There’s been a lot of chatter, both on this blog and in other forums, about the frequency of airbrushing and Photoshopping of the images of womens’ and mens’ bodies we see on magazine covers and in advertisements. This isn’t anything new. Post-production photo editing is now standard practice. Editing can be a useful tool to highlight the inherent positive aspects of an image. However, as we know, extreme editing can create deception and a false portrayal of reality. I don’t think this is news to anyone reading this blog.
While I’ve often thought about how it feels to look at digitally manipulated images of peoples’ bodies, I’ve never thought about how it feels to be the person whose looks have been changed. I read an article this week that added a different perspective to this issue. (Click here for the article!) A writer for BBC News went to a photo studio and had some photos of herself taken. She was then present for the post-production editing process, in which she asked the fashion photographer to do an “extreme” edit on her photos. In the article, she describes what it felt like to see her body manipulated and her features change to look more model-worthy.
After watching photos of herself be digitally altered to change her skin tone and body shape, journalist Tulip Mazumdar said, “Suddenly the original images that I was quite happy with at the start, looked old, tired and a bit chubby.” That really would be a blow to one’s self-image--to see flattering photos of oneself all of a sudden be scrutinized for “flaws” and changed to meet a standard of beauty that someone else has set. With the influence of extreme airbrushing, what is real suddenly feels sub-par, and what is artificial suddenly feels standard.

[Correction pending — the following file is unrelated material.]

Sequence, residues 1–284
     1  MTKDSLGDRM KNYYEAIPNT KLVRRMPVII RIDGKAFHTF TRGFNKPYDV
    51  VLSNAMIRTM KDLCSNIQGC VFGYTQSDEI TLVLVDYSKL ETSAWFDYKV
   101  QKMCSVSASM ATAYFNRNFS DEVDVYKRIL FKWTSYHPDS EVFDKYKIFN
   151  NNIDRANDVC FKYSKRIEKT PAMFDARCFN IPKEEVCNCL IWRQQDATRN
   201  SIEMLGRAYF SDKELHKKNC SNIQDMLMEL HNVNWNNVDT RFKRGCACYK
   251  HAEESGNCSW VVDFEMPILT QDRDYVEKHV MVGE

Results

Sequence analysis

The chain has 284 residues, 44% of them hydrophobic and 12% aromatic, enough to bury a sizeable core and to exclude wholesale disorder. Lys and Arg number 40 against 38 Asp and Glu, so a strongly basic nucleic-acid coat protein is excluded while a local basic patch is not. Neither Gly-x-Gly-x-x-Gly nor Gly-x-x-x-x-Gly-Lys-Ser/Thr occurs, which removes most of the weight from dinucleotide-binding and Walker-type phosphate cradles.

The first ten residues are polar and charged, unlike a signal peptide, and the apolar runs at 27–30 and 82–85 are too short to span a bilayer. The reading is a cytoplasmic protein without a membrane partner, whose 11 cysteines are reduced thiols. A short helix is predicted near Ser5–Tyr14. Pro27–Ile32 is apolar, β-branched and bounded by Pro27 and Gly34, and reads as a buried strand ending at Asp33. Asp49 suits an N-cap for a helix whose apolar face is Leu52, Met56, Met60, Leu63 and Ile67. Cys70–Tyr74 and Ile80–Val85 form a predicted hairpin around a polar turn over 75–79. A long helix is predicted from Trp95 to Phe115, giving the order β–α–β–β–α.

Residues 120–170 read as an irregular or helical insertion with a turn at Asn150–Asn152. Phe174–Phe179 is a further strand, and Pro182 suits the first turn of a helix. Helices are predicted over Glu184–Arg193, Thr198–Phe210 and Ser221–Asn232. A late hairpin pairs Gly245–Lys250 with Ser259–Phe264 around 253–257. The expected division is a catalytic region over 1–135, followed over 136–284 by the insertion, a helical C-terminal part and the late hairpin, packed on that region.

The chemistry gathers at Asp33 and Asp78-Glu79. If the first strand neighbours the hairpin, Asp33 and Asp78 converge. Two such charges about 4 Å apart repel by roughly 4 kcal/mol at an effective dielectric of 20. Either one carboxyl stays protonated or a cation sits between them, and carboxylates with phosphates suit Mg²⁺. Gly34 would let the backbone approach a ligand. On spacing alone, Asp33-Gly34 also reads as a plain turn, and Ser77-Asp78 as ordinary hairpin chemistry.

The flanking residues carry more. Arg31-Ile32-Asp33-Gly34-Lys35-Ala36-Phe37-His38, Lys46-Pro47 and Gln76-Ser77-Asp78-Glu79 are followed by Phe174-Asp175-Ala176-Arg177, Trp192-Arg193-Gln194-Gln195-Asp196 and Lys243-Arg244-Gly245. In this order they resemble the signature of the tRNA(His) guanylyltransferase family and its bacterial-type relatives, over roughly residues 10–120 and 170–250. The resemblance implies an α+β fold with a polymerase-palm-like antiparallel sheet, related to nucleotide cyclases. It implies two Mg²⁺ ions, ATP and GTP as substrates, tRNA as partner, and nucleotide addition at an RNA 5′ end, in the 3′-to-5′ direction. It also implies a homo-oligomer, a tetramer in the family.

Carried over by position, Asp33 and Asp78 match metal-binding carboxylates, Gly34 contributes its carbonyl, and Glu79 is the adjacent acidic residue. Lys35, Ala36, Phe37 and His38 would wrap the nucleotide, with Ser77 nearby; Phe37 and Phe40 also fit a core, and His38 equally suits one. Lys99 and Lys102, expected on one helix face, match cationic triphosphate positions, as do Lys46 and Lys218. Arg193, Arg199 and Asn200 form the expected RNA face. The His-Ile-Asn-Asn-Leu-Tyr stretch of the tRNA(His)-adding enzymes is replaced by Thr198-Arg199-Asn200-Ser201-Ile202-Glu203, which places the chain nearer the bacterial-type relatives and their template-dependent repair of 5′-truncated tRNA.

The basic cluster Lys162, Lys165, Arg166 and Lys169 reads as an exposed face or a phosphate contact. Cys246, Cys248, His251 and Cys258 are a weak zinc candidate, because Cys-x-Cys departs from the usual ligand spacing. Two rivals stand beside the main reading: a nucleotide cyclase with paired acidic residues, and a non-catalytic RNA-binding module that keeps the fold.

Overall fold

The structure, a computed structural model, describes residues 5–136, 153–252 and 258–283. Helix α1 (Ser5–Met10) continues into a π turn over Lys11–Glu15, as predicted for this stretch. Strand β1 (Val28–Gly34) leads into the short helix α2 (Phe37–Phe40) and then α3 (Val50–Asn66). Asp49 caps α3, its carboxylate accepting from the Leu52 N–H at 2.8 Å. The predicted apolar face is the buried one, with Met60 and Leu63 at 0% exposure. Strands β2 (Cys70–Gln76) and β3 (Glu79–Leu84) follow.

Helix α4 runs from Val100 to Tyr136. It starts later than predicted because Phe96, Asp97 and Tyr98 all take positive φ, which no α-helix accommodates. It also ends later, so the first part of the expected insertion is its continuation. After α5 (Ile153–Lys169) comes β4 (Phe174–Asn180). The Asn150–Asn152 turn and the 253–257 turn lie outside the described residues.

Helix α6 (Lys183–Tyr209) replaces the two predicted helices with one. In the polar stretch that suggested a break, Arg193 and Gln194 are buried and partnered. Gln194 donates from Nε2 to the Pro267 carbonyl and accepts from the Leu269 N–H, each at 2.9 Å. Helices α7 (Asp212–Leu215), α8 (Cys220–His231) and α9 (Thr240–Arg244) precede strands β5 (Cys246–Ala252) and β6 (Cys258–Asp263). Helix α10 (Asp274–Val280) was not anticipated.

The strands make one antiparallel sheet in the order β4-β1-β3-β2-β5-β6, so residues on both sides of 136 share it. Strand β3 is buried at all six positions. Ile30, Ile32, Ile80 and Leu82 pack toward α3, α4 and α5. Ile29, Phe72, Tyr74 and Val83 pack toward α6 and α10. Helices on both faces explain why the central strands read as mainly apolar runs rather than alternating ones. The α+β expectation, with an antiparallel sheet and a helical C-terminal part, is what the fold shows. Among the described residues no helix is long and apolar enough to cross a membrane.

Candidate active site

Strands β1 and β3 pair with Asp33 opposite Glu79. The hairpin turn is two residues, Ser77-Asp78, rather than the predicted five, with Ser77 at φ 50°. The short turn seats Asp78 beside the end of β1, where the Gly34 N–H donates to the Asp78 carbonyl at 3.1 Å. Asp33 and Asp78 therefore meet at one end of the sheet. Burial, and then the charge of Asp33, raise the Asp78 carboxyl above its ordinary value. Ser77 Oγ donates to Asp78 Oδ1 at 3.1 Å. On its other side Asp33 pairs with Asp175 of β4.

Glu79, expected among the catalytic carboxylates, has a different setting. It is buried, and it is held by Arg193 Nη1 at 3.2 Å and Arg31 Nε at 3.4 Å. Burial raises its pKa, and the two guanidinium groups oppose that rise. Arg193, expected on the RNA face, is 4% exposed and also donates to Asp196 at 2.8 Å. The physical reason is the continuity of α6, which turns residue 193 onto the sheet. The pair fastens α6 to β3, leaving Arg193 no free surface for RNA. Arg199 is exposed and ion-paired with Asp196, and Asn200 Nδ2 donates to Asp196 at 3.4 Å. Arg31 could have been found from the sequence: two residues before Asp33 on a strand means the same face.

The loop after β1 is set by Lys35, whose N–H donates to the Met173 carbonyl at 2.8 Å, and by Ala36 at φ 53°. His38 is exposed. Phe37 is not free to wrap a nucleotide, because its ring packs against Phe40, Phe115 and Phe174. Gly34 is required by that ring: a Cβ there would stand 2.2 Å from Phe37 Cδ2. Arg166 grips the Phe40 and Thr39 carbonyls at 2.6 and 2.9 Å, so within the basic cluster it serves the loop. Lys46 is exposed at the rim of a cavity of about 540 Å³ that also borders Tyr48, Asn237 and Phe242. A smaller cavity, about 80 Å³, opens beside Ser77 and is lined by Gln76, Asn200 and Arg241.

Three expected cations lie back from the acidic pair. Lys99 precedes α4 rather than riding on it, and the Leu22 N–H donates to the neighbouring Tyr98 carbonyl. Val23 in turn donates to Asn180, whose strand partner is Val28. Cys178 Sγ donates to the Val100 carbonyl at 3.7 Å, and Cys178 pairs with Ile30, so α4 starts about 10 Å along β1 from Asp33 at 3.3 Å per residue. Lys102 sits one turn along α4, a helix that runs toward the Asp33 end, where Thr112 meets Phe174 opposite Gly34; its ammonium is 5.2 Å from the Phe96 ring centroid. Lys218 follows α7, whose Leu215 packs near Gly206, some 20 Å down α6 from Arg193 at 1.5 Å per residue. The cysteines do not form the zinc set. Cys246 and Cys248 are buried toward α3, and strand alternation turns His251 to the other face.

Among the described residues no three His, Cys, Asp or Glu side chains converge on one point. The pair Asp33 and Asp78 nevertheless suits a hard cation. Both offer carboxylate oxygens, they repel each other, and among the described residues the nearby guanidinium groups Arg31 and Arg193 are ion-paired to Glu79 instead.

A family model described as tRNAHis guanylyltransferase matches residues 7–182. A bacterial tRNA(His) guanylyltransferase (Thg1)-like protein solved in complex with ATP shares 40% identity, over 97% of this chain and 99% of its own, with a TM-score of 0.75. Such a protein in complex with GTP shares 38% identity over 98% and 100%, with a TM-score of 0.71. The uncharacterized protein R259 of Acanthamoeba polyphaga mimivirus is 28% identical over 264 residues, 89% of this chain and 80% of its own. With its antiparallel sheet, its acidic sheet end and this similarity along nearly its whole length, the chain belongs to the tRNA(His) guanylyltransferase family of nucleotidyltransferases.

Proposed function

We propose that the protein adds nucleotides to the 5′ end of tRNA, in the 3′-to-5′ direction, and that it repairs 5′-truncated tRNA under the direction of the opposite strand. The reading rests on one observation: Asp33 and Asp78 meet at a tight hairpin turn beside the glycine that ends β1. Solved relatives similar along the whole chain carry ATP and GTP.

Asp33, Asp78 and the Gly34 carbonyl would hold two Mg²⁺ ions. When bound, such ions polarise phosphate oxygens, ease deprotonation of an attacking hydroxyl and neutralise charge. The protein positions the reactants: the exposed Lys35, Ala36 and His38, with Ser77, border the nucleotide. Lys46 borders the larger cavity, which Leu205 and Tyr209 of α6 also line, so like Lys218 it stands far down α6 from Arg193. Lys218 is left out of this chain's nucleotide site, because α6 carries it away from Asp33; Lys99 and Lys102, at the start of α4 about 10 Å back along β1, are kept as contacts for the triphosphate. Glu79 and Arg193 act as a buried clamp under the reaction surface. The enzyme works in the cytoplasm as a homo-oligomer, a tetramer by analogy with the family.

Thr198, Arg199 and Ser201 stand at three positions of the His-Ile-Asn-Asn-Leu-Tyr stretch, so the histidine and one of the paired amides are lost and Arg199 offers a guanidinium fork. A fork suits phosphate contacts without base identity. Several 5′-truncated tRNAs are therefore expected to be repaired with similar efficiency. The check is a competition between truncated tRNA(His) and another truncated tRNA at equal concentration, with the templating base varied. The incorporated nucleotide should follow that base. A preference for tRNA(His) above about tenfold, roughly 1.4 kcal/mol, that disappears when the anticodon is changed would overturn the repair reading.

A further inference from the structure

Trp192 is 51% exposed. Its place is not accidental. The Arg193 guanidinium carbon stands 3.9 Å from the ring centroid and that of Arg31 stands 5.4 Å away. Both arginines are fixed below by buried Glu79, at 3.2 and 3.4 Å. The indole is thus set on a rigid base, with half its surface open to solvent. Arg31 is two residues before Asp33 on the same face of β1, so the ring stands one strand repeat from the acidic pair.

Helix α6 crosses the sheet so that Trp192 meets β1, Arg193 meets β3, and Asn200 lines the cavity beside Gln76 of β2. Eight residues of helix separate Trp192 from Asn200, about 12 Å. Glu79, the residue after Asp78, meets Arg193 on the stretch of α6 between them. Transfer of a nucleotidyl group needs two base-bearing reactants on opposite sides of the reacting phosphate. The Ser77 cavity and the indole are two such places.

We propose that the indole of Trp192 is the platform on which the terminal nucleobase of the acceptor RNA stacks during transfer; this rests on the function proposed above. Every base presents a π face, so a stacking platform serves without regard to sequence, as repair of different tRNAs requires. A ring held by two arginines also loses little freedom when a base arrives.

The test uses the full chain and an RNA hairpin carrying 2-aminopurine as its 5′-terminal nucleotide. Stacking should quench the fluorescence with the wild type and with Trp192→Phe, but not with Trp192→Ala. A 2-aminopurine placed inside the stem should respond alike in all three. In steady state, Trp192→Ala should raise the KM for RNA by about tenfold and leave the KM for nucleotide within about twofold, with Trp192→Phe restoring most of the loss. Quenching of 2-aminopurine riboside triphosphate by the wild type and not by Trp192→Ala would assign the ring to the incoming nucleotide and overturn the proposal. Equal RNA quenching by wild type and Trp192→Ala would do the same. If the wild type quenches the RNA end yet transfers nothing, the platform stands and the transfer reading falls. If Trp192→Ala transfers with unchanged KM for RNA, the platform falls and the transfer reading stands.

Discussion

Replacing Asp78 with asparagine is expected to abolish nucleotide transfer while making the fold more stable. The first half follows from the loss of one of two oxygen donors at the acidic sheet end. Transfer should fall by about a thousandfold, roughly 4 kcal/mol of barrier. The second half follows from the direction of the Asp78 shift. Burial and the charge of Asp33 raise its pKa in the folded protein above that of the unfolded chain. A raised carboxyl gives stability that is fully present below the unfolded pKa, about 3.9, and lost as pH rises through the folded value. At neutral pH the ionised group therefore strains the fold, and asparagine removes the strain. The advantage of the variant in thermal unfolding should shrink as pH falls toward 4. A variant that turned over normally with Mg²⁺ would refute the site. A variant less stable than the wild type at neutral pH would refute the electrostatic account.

Think about it, though. We do the same thing to ourselves, or to other people, more often than we realize. I think it would be safe to say that many of us wake up in the morning, wash our faces, then look in the mirror and hone in on blemishes or something that needs to be plucked or waxed or covered up in some way. A look in a full-length mirror might lead us to highlight something that could be tucked or tightened or toned a little more. A lot of us look at ourselves with a Photoshopper’s eye--searching for or focusing in on things that we want to change.
How different would we feel if our first look in the mirror each day could be one of appreciation? If the time we spent in front of the mirror was used to admire what we see instead of being used to wish for changes in what we see, I have a feeling that life would be more satisfying.
|Yeah, that's me. I couldn't resist. :)|
- Think about a picture of yourself as a little kid. Choose one of your favorites where your natural cuteness really shines through! Now, picture yourself talking to the little girl in the picture. Would you ever that child that she needs to lose a few pounds and get rid of her round cheeks? Or that her skin tone needs some work? Or that she’s too short/tall/fat/thin? Would you ever look at her and call her ugly or tell her she needs to burn more calories on the playground? I hope that the answer to those questions is no.
- Now look in the mirror and remember that you’re the same person as that little girl in the picture. Your body might not look the same, but your identity remains. If the thoughts you have in the mirror are not thoughts you would share with the little-girl version of yourself, then try and think of something you would be comfortable saying to a little girl to compliment her and help her feel good about herself. Those compliments don't have to be just about appearance. Try it! This little exercise has helped me to change my perspective and start seeing me, not just my reflection.
What else helps you to stop mentally photoshopping yourself? How do you cultivate a healthy body image?
Article by Jessica Croft